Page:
Adaptive Low-Power Circuits for Wireless Communications (Hardcover)
Aleksandar Tasic, Wouter A. Serdijn, John R. Long
Well over a billion people are currently using cellular telephones, and this number is expected to grow to over two billion in the next few years. It is remarkable that a device that was considered a high-technology "toy" just a few years ago is now an indispensable feature of modern life. One of the key reasons for this remarkable transformation is the integration of all the radio functions of a cellular telephone onto a single inexpensive piece of silicon. This achievement is a result of innovations in design and process technology that allowed formerly discrete and separate devices to be integrated onto a common substrate.
Now that this integration has been accomplished, the next challenge is to make these radio functions adaptive to their environment. This "adaptive" feature of wireless communications devices is just today becoming a reality, and Adaptive Low-Power Circuits for Wireless Communications represents one of the first comprehensive treatments of the subject.
Adaptive radio transceivers require a comprehensive theoretical framework in order to optimize their performance. Adaptive Low-Power Circuits for Wireless Communications provides this framework with a discussion of joint optimization of Noise Figure and Input Intercept Point in receiver systems. Original techniques to optimize voltage controlled oscillators and low-noise amplifiers to minimize their power consumption while maintaining adequate system performance are also provided. The experimental results presented at the end of the book confirm the utility of the proposed techniques.
Table of Contents
FOREWORD. OUTLINE. LIST OF ABBREVIATIONS.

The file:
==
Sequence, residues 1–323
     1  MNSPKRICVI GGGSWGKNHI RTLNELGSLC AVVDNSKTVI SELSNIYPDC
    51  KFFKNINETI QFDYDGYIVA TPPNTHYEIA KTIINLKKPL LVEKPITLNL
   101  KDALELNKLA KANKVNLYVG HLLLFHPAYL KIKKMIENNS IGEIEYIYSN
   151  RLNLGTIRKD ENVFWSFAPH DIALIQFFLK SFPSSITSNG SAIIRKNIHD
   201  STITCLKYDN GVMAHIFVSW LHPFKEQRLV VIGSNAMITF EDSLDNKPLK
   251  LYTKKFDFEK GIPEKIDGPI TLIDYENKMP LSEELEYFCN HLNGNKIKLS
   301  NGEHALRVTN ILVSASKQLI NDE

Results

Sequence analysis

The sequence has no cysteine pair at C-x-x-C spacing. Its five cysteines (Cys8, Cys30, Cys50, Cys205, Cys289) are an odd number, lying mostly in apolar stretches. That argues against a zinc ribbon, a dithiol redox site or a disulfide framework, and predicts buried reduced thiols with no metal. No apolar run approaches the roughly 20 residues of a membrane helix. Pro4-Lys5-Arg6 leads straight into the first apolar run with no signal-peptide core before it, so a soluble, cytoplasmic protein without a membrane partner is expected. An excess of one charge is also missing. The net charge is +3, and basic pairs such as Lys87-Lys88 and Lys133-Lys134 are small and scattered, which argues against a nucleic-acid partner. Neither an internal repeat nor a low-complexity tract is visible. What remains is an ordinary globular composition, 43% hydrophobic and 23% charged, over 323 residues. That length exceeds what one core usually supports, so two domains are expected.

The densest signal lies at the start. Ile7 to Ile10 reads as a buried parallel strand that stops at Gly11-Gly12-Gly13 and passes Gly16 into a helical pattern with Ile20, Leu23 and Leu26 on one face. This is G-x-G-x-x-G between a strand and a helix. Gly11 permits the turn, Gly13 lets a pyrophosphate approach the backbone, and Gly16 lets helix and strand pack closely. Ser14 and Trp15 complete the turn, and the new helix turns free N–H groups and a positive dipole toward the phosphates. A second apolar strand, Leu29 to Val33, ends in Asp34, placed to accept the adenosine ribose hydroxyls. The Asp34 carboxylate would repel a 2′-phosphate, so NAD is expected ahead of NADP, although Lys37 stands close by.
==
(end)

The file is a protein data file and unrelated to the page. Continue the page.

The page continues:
1 INTRODUCTION. 1.1 Why Silicon? 1.2 Why Wireless and RF? 1.3 Why Low-Power and Adaptive RF? 1.4 Why Multistandard and Adaptive RF? 1.5 Adaptivity Objectives. References.
2 PERFORMANCE PARAMETERS OF RF CIRCUITS. 2.1 Gain Parameters. 2.2 Nonlinearity Parameters. 2.3 Noise Figure. 2.4 Phase Noise. 2.5 Dynamic Range. 2.6 RF Front-End Performance Parameters. 2.7 Conclusions. References.
3 SPECTRUM-SIGNAL TRANSFORMATION. 3.1 Transceiver Architectures. 3.2 Signal and Spectral Transformations. 3.3 Mixer-Oscillator Models. 3.4 Image-Rejection Ratio Model. 3.5 IRR Model of Double-Quadrature Downconverters. 3.6 Conclusions. References.
4 SELECTION OF PERFORMANCE PARAMETERS FOR RECEIVER CIRCUITS. 4.1 System Considerations. 4.2 Independent Selection of NF And IIP3 Specifications. 4.3 Mutually Dependent Selection of NF And IIP3 Specifications. 4.4 Equilibrium, Optimality and Equality Criteria. 4.5 Notes on Power Consumption. 4.6 Performance Trade-offs in an RF Circuit. 4.7 Conclusions. References.
5 ADAPTIVITY OF LOW-NOISE AMPLIFIERS. 5.1 Adaptivity Phenomena of Amplifiers. 5.2 Performance Parameters of Inductively-Degenerated Low-Noise Amplifiers. 5.3 Adaptivity Models of Low-Noise Amplifiers 5.4 Conclusions. References.
6 ADAPTIVE VOLTAGE-CONTROLLED OSCILLATORS. 6.1 Adaptivity Phenomena of Oscillators. 6.2 An Adaptive Voltage-Controlled Oscillator. 6.3 Phase-Noise Model of LC Voltage-Controlled Oscillators. 6.4 Phase-Noise Performance of Quasi-Tapped Voltage-Controlled Oscillators. 6.5 Adaptivity Figures of Merit of Voltage-Controlled Oscillators. 6.6 K-rail Diagrams – Comprehensive Performance Characterization of Voltage-Controlled Oscillators. 6.7 Oscillator Design Problem. 6.8 Conclusions. References.
7 DESIGN OF ADAPTIVE VOLTAGE-CONTROLLED OSCILLATORS AND ADAPTIVE RF FRONT-ENDS. 7.1 An Adaptive Low-Power Voltage-Controlled Oscillator. 7.2 A Multistandard Adaptive Voltage-Controlled Oscillator. 7.3 Multistandard Adaptive RF Front-Ends. 7.4 Conclusions. References.
A Real-to-Complex-to-Real Transformation.
B Transformer-Feedback Degeneration of Low-Noise Amplifiers.